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Amid omicron surge, Newsom administration again taps border wall company for COVID-19 staffing

Rich Pedroncelli
AP Photo
California Gov. Gavin Newsom unveils his proposed $286 billion 2022-2023 state budget during a news conference in Sacramento, Calif., Jan. 10, 2022.

COVID-19 cases, hospitalizations and deaths have spiked in California during the omicron surge. And so has the number of medical staff provided by a company that specializes in border wall construction.

Texas-based SLSCO built stretches of border wall in California under former President Donald Trump, scoring contracts worth upwards of $100 million. Last year, a CapRadio investigation found the California Department of Public Health hired SLSCO to provide thousands of medical personnel in response to COVID-19. The company had pivoted to health care services during the pandemic.

So far, the state has paid SLSCO $265 million for its services. CDPH had awarded the company a no-bid contract worth up to $1 billion, but later scaled it back to $350 million, after CapRadio sent the department a series of detailed questions about the contract.

Late last year, the number of SLSCO medical staff in California dropped to about 350. But in recent weeks, as omicron ripped through California producing record case and hospitalization rates, CDPH deployed more than 1,800 staff from SLSCO around the state. The news has redoubled frustration from immigration rights advocates who voiced criticism of the contract last year.

“There are probably many other companies that could do the job that don’t have a questionable background,” said Pedro Rios, director of the American Friends Service Committee’s U.S./Mexico Border Program.

CDPH declined an interview request. The department refused to provide details on SLSCO personnel’s location or work assignments. In an email, an unnamed spokesperson only said the staff are “deployed across the state supporting hospitals, skilled nursing facilities and vaccination efforts.”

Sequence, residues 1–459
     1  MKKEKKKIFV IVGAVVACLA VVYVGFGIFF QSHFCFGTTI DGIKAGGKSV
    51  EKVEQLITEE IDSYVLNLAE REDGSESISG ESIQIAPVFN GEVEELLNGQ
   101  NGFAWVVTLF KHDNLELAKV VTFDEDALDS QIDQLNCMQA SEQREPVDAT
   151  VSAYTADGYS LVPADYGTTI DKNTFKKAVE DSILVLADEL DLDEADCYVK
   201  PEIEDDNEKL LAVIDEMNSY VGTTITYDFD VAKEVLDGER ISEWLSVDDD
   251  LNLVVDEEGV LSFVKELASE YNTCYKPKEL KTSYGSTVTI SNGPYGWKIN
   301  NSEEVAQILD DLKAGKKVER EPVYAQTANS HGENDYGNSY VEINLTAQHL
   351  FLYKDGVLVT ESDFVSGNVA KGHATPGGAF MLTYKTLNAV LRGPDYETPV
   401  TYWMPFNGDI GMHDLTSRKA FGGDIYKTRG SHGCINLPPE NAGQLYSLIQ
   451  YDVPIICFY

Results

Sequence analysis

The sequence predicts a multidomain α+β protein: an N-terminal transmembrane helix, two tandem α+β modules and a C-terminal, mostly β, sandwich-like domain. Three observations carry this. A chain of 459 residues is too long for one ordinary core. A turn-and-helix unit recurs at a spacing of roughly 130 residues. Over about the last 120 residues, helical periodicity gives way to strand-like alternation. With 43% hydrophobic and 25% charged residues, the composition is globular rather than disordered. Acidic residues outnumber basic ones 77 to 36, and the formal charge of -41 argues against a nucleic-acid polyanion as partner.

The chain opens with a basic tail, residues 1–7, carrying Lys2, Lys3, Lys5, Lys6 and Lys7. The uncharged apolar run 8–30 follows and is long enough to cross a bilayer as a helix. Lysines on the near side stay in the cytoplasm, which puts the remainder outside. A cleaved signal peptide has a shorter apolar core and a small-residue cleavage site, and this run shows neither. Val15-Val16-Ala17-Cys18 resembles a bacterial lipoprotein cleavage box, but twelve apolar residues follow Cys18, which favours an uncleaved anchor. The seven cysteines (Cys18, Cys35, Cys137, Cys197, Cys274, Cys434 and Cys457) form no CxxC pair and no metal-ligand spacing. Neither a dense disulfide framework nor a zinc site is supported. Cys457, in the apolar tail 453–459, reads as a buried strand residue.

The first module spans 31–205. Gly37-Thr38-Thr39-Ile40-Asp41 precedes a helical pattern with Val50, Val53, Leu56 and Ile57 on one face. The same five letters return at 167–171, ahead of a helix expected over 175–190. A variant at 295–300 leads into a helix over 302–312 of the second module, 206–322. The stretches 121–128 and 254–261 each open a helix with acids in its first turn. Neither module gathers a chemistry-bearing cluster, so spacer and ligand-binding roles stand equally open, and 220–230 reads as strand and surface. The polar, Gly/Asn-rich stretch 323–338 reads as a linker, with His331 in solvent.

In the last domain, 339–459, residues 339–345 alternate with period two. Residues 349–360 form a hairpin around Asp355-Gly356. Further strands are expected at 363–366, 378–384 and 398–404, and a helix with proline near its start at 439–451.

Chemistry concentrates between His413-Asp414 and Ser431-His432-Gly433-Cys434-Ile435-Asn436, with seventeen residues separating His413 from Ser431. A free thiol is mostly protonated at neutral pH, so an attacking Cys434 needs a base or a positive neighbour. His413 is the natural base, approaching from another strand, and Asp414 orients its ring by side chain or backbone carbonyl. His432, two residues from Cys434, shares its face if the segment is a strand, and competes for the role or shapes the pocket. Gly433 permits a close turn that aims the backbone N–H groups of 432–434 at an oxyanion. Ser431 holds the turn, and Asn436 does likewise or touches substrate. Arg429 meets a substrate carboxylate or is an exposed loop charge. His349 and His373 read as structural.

A CapRadio investigation last year found the state dispatched over 6,000 medical personnel from SLSCO to county health departments, mass vaccination sites and clinics in California. That included five locations near the southern border, where staff tested, vaccinated and screened nearly 60,000 migrants — not far from the wall SLSCO built to keep migrants out.

Some community health organizations that serve farmworkers and undocumented immigrants did not know CDPH sent them SLSCO workers, including the Sacramento Native American Health Center.

“We put our patients and underserved folks at the center of everything we do,” said Britta Guerrero, CEO of the health center, in an interview last year. “We would have never considered a partnership like that.”

CDPH said it was not aware of the SLSCO’s history building border walls in California.

Rios, with the American Friends Service Committee, said that’s “not good enough.”

“The state of California needs to review the principles of a company” when awarding high-value contracts, he argued.

The Newsom administration, however, was likely familiar with SLSCO’s border wall work in general. California sued the Trump administration in 2019 over his border wall construction, including sections built by SLSCO. And Newsom personally called out the company’s work on Twitter, when a section of SLSCO’s border wall fell.

Democratic lawmakers who opposed Trump’s border construction have been largely silent on the issue. In 2017, nearly two-dozen state lawmakers voted in favor of banning state contracts with border wall companies. The bill passed out of the state Senate but did not become law.

Most lawmakers contacted by CapRadio in the fall declined to comment or did not respond.

Only Sen. Scott Wiener (D–San Francisco) agreed to an interview. He said he did not fault the Newsom administration for awarding the contract, and instead blamed lawmakers for not passing the legislation.

But, he added at the time, “it makes sense to transition away” from the contract.

Wiener declined to comment on CDPH increasing its reliance on SLSCO in recent weeks.

Following CapRadio’s reporting, former Assembly member Lorena Gonzalez sent a letter to Newsom, seeking additional information about the contract with SLSCO and the state’s process of awarding it.

CDPH director Tomás J. Aragón responded in December, explaining the state’s process for awarding no-bid contracts and how the department is managing the SLSCO contract.

Scott Rodd previously covered government and legal affairs for the Sacramento Business Journal. Prior to the Business Journal, Scott worked as a freelance reporter in Los Angeles and Washington, D.C., contributing to the Washington Post, New York Times, Stateline, the New York Observer and Next City. Scott grew up in West Hartford, Connecticut, and studied English literature at Susquehanna University.
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